Awards : Hall of Fame Award

Rodney Belcher, M.D. ’56

Rodney Belcher, M.D. ’56 was one of 26 medical students who graduated with the University of Miami Miller School of Medicine’s first class. After completing three years as a flight surgeon with the US Navy, he entered the orthopaedic program at the Mayo Clinic, completing his training in 1963. For the next nine years, he practiced orthopaedic medicine in Arlington, Virginia, and served as director of orthopaedic education at Georgetown University. While Belcher was enjoying professional success in the US, he decided to teach orthopaedics at the University of Dar es Salaam in Tanzania. As a professor of surgery at Muhambili Hospital, he reorganized the trauma unit and directed it for two years. After depleting his personal resources, he returned to the US, to assume the position of clinical assistant professor and chief of the Department of Orthopaedic Surgery at Georgetown. In 1983 as a Fulbright lecturer, Belcher was able to return to east Africa as a professor of orthopaedic surgery at Makerere University in Kampala, Uganda. Unfortunately, he was forced to complete his work in Kenya at the University of Marirobe because of civil war in Uganda. His fellowship ended in 1986 and he moved on to the University of Alabama, Birmingham, as clinical associate professor in the Department of Orthopaedic Surgery and chief of orthopaedic surgery at Cooper Green Hospital and Jefferson Clinic.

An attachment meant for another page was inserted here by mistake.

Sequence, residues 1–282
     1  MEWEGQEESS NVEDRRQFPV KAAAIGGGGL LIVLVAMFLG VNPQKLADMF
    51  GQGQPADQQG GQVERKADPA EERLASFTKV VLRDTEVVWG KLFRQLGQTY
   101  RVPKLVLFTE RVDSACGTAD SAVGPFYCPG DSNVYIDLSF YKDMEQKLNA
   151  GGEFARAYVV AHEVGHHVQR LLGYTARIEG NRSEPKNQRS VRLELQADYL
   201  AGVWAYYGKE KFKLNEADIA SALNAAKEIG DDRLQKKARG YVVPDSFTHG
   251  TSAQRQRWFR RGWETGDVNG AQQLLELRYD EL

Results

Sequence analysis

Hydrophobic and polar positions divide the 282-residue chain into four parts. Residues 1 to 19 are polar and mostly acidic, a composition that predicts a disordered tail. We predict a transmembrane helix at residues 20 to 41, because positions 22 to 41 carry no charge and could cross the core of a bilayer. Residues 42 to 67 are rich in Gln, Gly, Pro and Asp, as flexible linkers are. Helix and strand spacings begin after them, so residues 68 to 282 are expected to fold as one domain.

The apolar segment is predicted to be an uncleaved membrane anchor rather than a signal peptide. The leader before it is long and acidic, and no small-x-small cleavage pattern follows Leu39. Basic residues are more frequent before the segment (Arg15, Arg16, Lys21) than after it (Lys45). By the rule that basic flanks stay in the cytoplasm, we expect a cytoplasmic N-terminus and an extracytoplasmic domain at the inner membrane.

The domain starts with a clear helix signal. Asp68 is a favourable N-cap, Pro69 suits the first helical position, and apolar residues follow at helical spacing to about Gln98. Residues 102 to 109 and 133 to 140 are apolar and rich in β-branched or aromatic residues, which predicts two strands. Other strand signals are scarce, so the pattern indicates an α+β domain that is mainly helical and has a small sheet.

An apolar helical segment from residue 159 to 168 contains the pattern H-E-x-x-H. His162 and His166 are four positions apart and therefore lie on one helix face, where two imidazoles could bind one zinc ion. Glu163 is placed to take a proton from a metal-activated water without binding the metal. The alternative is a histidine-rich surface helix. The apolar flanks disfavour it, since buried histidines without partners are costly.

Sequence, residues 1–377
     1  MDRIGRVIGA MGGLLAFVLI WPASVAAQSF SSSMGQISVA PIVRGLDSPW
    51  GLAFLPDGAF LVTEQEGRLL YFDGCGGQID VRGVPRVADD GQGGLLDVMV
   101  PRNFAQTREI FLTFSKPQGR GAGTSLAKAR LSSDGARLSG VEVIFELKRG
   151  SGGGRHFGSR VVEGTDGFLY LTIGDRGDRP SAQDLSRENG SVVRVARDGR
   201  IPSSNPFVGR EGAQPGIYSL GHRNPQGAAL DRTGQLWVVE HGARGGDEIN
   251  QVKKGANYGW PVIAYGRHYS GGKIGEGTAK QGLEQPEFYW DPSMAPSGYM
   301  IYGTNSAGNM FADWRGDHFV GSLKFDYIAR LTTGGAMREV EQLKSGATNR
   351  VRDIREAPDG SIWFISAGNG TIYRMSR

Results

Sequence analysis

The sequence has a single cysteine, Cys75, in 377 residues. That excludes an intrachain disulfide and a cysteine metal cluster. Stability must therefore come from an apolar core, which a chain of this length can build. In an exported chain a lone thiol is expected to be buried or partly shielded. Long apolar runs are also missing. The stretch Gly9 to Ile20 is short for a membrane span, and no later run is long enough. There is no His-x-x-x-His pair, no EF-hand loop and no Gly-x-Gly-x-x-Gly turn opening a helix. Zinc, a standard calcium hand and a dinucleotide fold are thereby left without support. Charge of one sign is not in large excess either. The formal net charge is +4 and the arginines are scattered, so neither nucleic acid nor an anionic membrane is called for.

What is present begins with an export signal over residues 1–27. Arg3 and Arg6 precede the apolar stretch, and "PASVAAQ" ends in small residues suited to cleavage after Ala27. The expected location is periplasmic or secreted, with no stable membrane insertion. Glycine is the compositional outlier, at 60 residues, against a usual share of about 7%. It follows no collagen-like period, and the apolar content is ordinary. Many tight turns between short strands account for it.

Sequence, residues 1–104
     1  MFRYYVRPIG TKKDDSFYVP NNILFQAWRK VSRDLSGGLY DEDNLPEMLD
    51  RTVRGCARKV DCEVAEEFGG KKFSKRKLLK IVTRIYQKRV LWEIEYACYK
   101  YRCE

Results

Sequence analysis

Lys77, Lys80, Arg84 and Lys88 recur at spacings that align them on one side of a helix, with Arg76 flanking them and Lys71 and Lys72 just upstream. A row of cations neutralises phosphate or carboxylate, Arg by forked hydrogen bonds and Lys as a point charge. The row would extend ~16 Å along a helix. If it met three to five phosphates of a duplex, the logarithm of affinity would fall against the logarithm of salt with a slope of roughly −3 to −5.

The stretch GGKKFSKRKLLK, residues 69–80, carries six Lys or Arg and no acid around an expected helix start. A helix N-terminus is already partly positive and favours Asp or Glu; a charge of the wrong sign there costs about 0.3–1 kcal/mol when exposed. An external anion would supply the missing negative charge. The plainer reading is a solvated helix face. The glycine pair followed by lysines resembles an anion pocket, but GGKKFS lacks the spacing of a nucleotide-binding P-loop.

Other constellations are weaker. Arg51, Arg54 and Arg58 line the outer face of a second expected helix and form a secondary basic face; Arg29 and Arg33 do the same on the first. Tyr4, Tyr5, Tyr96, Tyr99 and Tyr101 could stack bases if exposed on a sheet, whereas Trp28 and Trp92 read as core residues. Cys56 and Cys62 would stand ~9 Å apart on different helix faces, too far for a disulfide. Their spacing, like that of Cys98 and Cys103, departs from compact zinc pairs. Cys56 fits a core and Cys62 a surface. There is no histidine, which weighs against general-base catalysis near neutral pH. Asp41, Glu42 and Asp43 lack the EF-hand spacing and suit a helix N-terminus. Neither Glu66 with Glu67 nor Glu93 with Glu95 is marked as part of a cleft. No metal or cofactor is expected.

Belcher was determined to return to Uganda once peace and stability were re-established. In 1989 he was appointed professor and chairman of orthopaedic surgery at Makerere University. He sought to rebuild the orthopaedic and rehabilitation services devastated by the 20 year civil war. He reinstated programs to manufacture orthotics and prosthetics for people injured in the war and for those stricken by polio. Belcher designed and supervised the building of the two best operating theaters in sub-Sahara Africa. His greatest achievement was the initiation of a four year orthopaedic training program leading to a master’s degree. The first group of students graduated in 1997. He also helped in improving the delivery of health care to Uganda’s rural areas. He stepped down as head of the Department of Orthopaedic Surgery at Makerere University and Mulago National Hospital at the end of 1996. He continued his work as a consultant to the minister of health and to the government of Uganda.

On March 11, 1996 he was shot and killed during a carjacking outside the Mulago Hospital. At his funeral Belcher was honored by the vice president of Uganda, the minister of health, the US ambassador, and his family and friends. To honor and memorialize Belcher, the orthopaedic clinic he worked so hard to establish was named after him.